Jesuit Missions Baroque Music


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The English word baroque is derived from the Italian barocco, meaning bizarre… The usage of this term originated in the 1860s to describe the highly decorated style of 17th and 18th century religious and public buildings in Italy, Germany and Austria… Later, during the early-to-mid 1900s, the term was applied by association to music of the 17th and early 18th century, and today the term... has come to refer to a very clearly definable type or genre of music which originated, broadly speaking, around 1600 and came to fruition between 1700 and 1750. (Visit www.baroquemusic.org, the most complete resource available online. You can listen to samples from many famous composers like Bach and Tortelli).



Famous for their music, Jesuit missionaries from Spain and Italy arrived in South America almost 400 years ago. Versed in the fine arts of Europe, they brought with them the classical baroque music and established missions across central South America, in areas that are part of modern-day Paraguay, Argentina, Bolivia and Brazil. These missions, known as reducciones, became home and refuge to thousands of Paraguay's Guarani Indians. The missionaries not only provided shelter but also taught the Guarani people to play European music and make their own instruments, including the cello, harp and violin. Each mission had a church, an orchestra, several artisans' shops, and schools of music and painting.

After the Spanish expelled the Jesuits in 1767, the baroque-style compositions all but disappeared. But in the 1970s, while restoring an old mission church in Bolivia, Hans Roth, a Jesuit architect from Switzerland, found 5,000 pages of original sheet music buried in the ruins. The find included music written by 17th- and 18th- century indigenous and European composers, including Zipoli. Roth dedicated his life to the renovation of mission churches in Bolivia's Chiquitos Province, better known as the Chiquitania, and in 1990, UNESCO designated six of them as World Heritage Sites.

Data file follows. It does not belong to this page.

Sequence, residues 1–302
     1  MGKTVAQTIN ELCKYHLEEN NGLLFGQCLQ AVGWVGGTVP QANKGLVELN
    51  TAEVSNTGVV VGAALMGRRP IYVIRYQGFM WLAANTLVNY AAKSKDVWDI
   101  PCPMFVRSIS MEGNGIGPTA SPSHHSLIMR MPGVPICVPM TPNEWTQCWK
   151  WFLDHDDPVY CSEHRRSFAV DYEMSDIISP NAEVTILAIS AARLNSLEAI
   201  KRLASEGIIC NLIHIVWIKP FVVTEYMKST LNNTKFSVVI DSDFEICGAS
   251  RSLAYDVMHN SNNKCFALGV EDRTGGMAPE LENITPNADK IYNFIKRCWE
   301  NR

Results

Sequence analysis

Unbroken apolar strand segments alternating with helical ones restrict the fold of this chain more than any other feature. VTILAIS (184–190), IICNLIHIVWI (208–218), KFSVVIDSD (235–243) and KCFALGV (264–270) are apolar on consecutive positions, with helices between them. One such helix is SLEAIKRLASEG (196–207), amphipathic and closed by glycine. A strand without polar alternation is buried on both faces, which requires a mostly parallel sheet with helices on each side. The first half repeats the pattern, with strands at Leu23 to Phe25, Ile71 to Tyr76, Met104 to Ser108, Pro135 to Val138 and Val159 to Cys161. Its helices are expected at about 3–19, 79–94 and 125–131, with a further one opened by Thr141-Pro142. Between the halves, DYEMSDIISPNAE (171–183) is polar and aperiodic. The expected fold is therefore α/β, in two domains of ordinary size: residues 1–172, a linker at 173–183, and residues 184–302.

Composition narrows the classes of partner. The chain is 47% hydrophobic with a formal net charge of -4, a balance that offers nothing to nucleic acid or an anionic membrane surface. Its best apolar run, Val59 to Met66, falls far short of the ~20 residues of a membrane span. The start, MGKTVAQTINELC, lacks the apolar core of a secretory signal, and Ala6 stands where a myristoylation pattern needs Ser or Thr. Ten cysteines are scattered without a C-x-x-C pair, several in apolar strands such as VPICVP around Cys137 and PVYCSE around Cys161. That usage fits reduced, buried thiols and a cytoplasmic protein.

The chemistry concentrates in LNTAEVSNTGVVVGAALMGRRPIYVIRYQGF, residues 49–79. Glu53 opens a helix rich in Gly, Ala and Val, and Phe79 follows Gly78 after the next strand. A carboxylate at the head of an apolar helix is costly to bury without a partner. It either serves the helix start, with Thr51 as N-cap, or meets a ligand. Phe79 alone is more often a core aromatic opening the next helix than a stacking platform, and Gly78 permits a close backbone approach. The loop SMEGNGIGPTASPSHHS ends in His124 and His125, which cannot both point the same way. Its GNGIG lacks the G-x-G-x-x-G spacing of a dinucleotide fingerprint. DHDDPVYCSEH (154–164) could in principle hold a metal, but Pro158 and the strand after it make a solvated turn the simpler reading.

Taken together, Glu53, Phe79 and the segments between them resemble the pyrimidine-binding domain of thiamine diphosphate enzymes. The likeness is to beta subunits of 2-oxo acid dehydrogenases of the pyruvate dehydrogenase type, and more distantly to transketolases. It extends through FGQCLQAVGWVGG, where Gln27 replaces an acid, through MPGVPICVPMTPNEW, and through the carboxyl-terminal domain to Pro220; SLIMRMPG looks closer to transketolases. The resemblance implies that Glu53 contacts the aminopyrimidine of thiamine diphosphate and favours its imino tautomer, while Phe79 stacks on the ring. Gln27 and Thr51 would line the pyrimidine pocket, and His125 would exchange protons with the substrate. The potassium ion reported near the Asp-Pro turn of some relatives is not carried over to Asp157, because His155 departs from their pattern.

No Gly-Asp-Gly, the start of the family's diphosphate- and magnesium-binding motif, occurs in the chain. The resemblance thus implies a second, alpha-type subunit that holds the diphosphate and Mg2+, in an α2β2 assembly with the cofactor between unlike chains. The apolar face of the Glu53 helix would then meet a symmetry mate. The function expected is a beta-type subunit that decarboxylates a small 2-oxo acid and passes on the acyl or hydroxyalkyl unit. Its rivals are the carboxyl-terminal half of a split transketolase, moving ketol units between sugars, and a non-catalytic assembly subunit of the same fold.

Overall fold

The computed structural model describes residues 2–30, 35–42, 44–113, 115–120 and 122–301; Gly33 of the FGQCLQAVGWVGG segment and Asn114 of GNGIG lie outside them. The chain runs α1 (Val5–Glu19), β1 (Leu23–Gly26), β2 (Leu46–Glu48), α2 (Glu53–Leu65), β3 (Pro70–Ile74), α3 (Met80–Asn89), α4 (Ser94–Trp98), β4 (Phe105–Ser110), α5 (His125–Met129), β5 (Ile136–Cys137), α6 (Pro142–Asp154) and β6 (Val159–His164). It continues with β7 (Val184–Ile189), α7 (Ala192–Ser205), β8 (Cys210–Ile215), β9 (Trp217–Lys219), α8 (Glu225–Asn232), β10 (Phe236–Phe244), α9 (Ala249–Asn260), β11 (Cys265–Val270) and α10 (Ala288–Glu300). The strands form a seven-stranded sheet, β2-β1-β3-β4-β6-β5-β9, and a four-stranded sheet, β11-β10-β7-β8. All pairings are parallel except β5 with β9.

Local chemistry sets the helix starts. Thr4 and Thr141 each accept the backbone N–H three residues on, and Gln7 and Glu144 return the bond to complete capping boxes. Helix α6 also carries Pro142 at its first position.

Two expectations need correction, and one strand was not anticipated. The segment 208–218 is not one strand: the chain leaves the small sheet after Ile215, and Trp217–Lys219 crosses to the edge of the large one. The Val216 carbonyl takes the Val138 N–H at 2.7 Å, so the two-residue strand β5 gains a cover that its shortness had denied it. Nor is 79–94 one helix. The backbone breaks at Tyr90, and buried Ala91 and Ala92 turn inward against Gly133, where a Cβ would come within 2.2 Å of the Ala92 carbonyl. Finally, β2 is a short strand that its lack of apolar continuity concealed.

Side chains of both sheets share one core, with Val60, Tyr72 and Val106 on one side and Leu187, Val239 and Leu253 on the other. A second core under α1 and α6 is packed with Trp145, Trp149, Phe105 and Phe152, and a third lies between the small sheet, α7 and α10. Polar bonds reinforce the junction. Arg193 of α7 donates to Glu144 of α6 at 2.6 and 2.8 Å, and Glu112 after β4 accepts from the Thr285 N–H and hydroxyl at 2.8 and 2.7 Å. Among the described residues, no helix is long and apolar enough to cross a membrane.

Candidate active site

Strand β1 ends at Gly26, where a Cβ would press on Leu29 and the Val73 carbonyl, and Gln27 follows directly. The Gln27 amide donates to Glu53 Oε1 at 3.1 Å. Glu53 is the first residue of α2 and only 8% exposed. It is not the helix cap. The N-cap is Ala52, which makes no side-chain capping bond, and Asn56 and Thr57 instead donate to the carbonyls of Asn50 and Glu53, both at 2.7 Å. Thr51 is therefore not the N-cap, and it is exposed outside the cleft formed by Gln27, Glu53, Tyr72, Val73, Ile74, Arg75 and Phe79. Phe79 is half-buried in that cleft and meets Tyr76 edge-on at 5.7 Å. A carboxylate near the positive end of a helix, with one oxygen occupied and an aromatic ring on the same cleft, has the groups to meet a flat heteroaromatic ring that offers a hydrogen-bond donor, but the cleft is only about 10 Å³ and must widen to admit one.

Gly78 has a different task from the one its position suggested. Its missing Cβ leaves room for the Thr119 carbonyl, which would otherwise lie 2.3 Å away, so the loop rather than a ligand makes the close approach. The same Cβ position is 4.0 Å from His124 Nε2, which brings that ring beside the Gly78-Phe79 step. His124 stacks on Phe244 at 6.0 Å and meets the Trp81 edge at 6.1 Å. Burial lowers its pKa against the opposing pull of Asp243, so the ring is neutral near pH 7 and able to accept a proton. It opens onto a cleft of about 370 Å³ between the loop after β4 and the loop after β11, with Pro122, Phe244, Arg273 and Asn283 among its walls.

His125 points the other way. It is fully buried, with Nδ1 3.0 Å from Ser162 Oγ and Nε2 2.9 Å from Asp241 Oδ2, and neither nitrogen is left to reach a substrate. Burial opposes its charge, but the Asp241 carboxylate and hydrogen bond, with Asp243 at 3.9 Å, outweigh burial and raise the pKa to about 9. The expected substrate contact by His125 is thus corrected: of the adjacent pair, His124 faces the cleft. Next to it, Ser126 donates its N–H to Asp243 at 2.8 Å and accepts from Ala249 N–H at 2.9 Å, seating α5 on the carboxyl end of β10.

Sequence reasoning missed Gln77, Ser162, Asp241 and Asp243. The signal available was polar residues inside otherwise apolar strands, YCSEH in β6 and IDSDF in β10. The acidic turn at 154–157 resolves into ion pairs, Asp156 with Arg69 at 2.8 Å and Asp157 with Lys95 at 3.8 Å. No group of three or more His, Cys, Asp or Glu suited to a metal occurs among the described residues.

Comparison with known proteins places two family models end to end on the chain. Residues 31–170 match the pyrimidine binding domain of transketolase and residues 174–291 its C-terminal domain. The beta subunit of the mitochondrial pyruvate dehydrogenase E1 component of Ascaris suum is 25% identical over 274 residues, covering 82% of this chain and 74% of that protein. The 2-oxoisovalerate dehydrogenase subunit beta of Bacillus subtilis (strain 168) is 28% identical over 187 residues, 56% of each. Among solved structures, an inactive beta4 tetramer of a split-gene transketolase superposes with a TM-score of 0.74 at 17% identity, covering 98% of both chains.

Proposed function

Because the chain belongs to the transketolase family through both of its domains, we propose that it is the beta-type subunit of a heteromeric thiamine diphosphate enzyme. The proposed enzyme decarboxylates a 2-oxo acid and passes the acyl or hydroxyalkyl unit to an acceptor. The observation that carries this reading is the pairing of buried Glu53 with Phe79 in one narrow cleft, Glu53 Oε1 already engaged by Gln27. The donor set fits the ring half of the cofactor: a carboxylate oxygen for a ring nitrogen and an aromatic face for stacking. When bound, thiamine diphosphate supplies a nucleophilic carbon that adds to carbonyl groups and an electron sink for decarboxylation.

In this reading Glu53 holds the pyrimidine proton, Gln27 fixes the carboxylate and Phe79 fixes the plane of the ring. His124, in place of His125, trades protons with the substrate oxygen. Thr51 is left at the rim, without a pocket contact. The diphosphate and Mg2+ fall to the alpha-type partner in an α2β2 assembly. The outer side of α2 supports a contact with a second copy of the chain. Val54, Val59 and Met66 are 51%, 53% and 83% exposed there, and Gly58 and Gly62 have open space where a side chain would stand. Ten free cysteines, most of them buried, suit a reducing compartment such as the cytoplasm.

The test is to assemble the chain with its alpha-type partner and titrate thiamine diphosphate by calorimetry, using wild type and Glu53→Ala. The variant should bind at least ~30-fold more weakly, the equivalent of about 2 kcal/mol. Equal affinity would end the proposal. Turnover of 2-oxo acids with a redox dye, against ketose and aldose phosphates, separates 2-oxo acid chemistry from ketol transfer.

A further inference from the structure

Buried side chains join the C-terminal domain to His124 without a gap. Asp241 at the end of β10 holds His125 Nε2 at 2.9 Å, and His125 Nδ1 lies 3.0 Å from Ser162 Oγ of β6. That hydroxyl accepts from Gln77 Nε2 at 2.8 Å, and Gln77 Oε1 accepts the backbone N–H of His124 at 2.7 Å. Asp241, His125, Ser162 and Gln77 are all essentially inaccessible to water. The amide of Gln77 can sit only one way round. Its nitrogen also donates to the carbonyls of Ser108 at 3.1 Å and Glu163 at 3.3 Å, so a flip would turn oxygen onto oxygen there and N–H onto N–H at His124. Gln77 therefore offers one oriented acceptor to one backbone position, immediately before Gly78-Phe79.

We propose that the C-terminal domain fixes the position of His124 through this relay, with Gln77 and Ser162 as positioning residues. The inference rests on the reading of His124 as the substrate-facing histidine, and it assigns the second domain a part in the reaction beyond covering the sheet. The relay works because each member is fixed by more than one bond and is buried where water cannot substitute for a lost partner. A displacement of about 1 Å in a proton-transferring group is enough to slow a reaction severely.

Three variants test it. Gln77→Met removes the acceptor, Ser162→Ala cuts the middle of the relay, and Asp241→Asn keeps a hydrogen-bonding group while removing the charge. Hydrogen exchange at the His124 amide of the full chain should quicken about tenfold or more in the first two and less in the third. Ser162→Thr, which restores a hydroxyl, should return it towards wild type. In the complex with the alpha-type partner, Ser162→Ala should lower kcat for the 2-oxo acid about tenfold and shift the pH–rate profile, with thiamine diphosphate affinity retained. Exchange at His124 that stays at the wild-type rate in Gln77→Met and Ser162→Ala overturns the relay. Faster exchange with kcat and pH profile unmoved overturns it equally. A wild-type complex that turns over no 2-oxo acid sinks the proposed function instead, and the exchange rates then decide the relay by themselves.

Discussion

A cache of manuscripts that had lain forgotten for 300 years was behind one of classical music’s most unlikely pairings: two musicians from opposite sides of the world and from utterly different cultures. Henry Villca grew up in a poor village in Bolivia and earned a living singing in a Mexican folk band. Ashley Solomon studied at the Royal Academy of Music and is a leading exponent of Baroque music as artistic director of the ensemble Florilegium.

The archives of Bolivian Baroque music, composed by European Jesuits and by indigenous people, were discovered by Piotr Nawot, a Polish priest who was director of the La Paz choir in which Villca sang. The manuscripts had been hidden away for centuries in mission churches. Some of the pieces have text in native Bolivian languages. When he heard Solomon’s ensemble, Florilegium, Nawot decided they would be the perfect interpreters of the music (YouTube video below) and approached them. He offered Solomon first refusal on a vast archive of unknown music from the period. “I said yes, and Piotr sent me 30kg of manuscripts in the post,” Solomon says.

This led Solomon to organise fundraising concerts in the UK for Bolivian children. The concerts were so popular that he decided to record a CD of some of the rediscovered music and to use Bolivian singers to bring out its particular characteristics.

Baroque music in the Jesuit Missions of Bolivia

Bolivian Baroque music has a natural allure. It is joyous music, and the scores are structured in a clear and symmetrical way. Chiquitos and Moxos belonged to the Jesuit missions in the east of Bolivia, where this music was developed throughout the 18th century. Following the forced departure of the Jesuits in 1767, the population carefully preserved the scores and continued to compose Baroque music and to produce stringed instruments. The Chiquitos and Moxos archive contains ten thousand pages of original scores dating from this period.

Since the 1990s, APAC has been actively collecting and interpreting this musical heritage, and supports the setting up of youth orchestras and choirs in this area. In addition, it has been organising a biennial (on even years) Festival of Baroque Music in Santa Cruz and the former mission areas of Chiquitos, Moxos and Guarayos since 1996. The performances are the result of a collaboration between the Asociación Pro Arte y Cultura (APAC) of Santa Cruz (Bolivia), the Prince Claus Fund and the DOEN Foundation.

The 1986 Academy Award-winning, British film The Mission (starring Robert de Niro, Jeremy Irons, Liam Neeson, Aidan Quinn) tells the story of the Jesuit missionaries, the missions they established, and the vital part they played in bringing baroque music to the Guarani Indians in South America. Italian composer Ennio Morricone created the musical score.

WATCH THE FIRST 10 AMAZING MINUTES OF THE MOVIE


Sources:
(http://entertainment.timesonline.co.uk/tol/arts_and_entertainment/article725924.ece).
(http://www.pbs.org/frontlineworld/stories/paraguay604/music.html).
(http://www.princeclausfund.org/press/index.shtml).


Ruta Verde Bolivia is our preferred tour operator for this region.

Today you can visit the centuries-old Jesuit Missions of the Chiquitania in Bolivia. You can also plan to attend the Latin American Baroque Music Festival which takes place very two years. See this history of baroque music in the Amazon. For information and tours in Bolivia contact Ruta Verde Bolivia. Owners Gijs and Maria Eugenia speak English and Dutch.





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